I’ve been following Safecast ever since they started working on their DIY solutions for measuring radiation when the Fukushima disaster hit. I happened to catch a post recently on Los Angeles Times about their ongoing efforts, and needless to say, they have a lot more units out in the field taking readings and they have an office acting like a makerspace, where they teach citizens how to build radiation monitors. If you haven’t ever checked out radiation detecting, you should know it is notoriously expensive, and even if you have a device, you need to monitor for months to understand what the background radiation levels are for an area in order to be effective. That’s where Safecast comes in; their organization not only offers affordable options, but they empower citizens to collect data and share it. Here’s an example of their bGeigieNano kit with its main board and OLED display, GPS, Arduino Fio, pancake sensor and iRover in a neat little Pelican case. I spy some Adafruit parts here!
One man, Kohei Matsushita, was visiting Safecast to learn how to build a kit.
“My family has a house near a nuclear power plant,” Matsushita said, explaining his motivation. “I want to take this there and collect data, and contribute to this pool of information.”
Safecast states up front that they have no interest in taking sides on nuclear power. They are merely interested in providing the most accurate data possible using open source tech, so that people are encouraged to seek their own truth. Thanks to the data, residents are learning which areas are safe for return.
“They want people to come back, but there’s no decontamination in the forest areas and those cover 75% of this village,” says retired engineer Nobuyoshi Ito, 72, who in 2010 opened an eco-farm retreat in Iitate, about 20 miles northwest of the nuclear power plant. Recently, he had Safecast install a radiation monitor at the retreat, which is still in a restricted zone. “We have to check ourselves.”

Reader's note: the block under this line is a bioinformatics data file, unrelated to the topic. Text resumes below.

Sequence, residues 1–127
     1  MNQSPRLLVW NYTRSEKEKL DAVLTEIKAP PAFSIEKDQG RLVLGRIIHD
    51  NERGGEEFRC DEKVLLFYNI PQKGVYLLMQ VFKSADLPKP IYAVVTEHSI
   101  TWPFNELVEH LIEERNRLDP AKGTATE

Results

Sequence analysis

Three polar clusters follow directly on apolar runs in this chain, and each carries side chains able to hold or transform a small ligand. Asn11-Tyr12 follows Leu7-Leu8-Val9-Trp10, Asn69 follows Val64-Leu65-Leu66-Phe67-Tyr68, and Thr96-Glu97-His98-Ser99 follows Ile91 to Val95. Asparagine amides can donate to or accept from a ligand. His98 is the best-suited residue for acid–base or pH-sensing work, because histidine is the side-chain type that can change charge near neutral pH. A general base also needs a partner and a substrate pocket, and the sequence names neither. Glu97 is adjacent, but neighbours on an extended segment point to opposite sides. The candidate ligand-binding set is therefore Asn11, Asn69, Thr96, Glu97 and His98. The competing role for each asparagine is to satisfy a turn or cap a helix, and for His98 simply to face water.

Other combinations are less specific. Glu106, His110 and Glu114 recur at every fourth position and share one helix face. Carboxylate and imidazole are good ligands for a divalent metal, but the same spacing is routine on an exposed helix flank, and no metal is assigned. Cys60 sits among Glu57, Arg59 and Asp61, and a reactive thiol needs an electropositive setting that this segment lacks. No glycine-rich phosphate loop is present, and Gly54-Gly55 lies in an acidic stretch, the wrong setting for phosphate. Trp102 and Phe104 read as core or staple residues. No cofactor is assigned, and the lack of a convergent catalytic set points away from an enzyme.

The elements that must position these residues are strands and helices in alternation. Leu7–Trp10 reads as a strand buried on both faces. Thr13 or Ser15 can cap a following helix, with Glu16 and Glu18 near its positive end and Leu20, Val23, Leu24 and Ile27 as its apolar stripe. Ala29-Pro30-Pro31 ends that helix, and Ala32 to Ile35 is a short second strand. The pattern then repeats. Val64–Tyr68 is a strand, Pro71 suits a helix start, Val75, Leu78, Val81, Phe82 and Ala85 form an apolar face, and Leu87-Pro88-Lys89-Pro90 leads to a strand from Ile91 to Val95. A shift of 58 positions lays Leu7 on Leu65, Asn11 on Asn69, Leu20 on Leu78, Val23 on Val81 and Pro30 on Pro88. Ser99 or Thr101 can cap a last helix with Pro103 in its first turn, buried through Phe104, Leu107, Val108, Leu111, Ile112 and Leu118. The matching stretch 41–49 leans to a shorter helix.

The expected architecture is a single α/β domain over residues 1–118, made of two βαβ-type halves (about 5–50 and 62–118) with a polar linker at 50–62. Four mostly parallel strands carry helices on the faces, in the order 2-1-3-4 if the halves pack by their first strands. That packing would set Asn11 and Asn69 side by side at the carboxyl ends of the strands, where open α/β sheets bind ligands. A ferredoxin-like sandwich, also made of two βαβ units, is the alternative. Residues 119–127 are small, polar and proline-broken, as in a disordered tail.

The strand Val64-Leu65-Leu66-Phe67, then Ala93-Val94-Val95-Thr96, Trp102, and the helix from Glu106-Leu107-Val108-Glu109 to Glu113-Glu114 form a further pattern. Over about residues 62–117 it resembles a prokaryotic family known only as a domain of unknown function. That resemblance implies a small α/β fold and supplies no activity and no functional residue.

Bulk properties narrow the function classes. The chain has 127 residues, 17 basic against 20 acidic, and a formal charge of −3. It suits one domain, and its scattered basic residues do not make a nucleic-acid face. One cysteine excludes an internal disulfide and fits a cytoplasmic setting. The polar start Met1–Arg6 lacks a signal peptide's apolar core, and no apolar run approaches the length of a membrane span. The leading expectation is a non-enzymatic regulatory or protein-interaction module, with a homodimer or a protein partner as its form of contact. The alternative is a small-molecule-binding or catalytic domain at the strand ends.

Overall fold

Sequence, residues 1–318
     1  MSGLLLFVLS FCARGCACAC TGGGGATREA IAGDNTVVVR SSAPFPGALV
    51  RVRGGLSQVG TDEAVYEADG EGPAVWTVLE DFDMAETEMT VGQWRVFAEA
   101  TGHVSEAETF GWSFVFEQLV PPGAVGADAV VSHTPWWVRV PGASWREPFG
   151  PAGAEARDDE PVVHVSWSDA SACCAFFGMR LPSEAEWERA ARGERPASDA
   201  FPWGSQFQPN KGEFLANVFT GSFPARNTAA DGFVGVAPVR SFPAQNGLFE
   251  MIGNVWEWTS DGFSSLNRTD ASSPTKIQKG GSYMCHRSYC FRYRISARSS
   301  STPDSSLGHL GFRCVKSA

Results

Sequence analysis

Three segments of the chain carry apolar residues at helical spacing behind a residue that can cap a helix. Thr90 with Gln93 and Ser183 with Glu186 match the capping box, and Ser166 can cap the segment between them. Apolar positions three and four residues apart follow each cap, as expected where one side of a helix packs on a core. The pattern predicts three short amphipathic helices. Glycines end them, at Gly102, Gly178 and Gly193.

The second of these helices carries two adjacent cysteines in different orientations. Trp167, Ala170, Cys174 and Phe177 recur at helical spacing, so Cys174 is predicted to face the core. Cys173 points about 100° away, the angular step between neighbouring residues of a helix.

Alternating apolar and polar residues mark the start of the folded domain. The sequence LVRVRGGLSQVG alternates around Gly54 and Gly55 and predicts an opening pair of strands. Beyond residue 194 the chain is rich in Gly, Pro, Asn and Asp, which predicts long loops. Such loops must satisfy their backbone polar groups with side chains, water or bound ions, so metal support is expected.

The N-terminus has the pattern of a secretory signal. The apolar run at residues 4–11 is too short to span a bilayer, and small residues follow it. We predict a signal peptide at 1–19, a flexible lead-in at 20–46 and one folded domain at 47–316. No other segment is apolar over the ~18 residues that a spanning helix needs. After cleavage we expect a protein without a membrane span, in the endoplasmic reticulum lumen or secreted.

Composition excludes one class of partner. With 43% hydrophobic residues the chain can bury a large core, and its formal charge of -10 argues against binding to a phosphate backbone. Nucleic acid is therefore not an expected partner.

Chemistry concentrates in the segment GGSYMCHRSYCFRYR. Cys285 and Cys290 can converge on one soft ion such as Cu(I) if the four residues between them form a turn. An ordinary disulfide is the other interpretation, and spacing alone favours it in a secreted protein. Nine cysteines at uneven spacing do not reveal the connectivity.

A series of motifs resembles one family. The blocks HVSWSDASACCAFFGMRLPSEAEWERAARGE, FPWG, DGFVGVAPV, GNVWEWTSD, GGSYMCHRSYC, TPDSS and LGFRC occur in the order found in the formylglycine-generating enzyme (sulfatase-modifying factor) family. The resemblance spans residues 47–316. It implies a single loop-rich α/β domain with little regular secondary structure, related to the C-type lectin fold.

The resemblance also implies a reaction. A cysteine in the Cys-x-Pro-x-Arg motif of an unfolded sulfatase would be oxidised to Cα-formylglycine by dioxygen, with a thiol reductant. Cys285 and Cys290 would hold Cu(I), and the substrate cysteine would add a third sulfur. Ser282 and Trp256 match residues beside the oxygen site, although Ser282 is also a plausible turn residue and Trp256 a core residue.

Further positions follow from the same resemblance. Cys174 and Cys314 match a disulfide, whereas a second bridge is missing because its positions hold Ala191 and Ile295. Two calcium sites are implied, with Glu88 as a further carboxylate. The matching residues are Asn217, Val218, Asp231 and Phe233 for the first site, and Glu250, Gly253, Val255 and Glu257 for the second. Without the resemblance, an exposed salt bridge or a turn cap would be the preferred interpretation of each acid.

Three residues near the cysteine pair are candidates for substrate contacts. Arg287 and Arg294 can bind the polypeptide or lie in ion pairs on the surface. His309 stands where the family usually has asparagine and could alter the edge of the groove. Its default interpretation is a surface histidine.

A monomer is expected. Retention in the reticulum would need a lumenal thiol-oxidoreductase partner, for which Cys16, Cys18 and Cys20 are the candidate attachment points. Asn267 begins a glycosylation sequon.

The organization is very dedicated to capturing data, and recently did some monitoring from their cars in France and Iceland (bluetooth allows info to be sent to a phone). It’s proving helpful in looking at natural radiation from mining and other hazards that already exist in these countries in order to help establish their baselines. Other people are taking monitors on board planes to check radiation levels as they travel. We live in a time where radiation is around us, whether naturally, medically, through power generation or electronics. So, it is wise to learn more about it in order to make the best decisions for all life forms. Thanks to Julie Makinen for her coverage of this story and for those of you who want to learn more about radiation levels, check out our Geiger Counter Kit. This is a great first look for learning, but if you are serious about levels, you’ll want to invest in something more accurate like those at Safecast. As I often say with citizen science, strength can often be found in numbers—that is why open source is so powerful.
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